That day, with the biggest smile on my face, a small fish net in my hand, and a hellbender gliding into its new home, I became a part of a conservation mission bigger than myself.
On a humid August morning, myself, Zoo staff members, and two excited Teens For Nature volunteers, traveled down to southern Indiana to introduce 36 eastern hellbenders to their new wild home. After months of raising and caring for this endangered species, the hard work of community leaders around the state was finally coming full circle. Joining us on this initiative was Purdue University Fort Wayne, Columbian Park Zoo, Indianapolis Zoo, and Mesker Park Zoo.
Introducing this wrinkly species to their new home was a victory that makes Rocky running up those steps look easy. Eastern Hellbenders are considered critically endangered mainly due to human causes, including pollution, but these flat-headed amphibians play an incredibly important roles in the aquatic ecosystems that they call home. These slithering friends help maintain a lot of prey populations, such as crawfish or other small fish found in rivers, and act as an indicator species that can indicate the health of rivers and keep balance in the ecosystem. And after years of successfully raising these hellbenders, researching the perfect location for them to call home, and gathering the hands needed for a safe release, well, it makes running up 72 steps look like a breeze.
I wasn’t alone in my state of excitement. Even the teen volunteers described the hellbenders as, “ready to get to their new homes and explore what we can’t see.” And even though we were all knee deep in water with soaked shirts sticking to us, smiles were worn proudly, an unintentional part of the Hellbender Release uniform.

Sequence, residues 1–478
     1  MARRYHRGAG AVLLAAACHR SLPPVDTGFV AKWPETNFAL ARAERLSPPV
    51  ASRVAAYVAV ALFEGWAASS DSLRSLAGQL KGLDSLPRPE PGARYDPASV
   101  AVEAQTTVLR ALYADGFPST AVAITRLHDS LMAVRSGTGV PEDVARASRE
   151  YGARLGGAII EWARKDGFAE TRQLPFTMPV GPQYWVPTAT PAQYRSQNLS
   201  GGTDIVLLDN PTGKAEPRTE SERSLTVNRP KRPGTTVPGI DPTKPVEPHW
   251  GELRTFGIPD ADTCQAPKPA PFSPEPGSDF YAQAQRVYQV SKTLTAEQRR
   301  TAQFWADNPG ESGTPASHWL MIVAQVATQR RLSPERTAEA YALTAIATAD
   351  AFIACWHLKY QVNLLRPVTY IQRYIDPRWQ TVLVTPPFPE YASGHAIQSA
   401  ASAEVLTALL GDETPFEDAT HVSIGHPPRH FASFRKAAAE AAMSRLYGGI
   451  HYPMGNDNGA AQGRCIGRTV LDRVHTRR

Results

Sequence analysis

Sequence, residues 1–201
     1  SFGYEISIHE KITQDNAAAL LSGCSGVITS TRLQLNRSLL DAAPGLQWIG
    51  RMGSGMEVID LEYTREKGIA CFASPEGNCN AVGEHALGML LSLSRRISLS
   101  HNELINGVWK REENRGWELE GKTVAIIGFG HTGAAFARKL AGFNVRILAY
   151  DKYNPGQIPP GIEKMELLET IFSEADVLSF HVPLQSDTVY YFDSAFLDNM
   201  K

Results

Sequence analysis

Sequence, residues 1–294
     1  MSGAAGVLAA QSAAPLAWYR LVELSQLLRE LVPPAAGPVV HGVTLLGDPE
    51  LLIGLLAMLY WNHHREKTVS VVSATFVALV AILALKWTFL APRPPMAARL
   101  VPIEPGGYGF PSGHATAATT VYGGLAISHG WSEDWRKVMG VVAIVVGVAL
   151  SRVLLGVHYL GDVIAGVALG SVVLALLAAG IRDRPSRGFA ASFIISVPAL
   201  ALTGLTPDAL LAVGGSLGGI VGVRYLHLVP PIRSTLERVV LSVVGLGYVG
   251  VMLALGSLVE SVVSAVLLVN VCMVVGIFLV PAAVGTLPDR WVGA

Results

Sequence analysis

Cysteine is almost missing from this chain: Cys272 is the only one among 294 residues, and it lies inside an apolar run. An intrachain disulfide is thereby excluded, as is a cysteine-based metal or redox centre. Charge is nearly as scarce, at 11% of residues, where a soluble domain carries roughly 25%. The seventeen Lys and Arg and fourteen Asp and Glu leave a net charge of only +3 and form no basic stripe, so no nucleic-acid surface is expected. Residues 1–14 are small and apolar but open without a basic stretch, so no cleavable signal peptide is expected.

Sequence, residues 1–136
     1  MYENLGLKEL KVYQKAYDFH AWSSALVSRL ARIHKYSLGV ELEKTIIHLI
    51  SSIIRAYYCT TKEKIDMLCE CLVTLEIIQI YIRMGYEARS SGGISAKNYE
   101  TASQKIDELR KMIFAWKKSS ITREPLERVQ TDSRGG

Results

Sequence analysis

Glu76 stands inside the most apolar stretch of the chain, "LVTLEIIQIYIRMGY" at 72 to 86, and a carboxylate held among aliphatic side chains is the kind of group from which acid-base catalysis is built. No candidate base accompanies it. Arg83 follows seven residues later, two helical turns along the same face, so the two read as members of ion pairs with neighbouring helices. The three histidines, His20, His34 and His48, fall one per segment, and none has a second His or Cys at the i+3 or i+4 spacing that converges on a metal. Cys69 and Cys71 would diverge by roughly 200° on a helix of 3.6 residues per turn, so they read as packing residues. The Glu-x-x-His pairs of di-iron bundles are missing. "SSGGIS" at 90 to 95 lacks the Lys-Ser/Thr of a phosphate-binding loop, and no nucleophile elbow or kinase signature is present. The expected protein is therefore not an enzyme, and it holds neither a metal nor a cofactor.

I’ll admit, I didn’t come to this release because I was born with a passion for eastern hellbender conservation. Before joining the Zoo, I had very little knowledge of this species. Don’t be shy, before reading this story you may not have known about them either. But that’s what we do best. The Zoo has a way of igniting a passion for every animal, from the small creatures that live in our backyard to the big ones living millions of miles away. Whether a species’ head is covered with a gorgeous mane, feathers that point straight up, or flat wrinkles, we’ll work together to give them a safe home and we’ll tell you all about it along the way.
So, call them what you will: snot otters, water puppies, or even lasagna lizards – to us, these 36 eastern hellbenders will forever hold a place in our hearts.
-Hailey Levea, Conservation Educator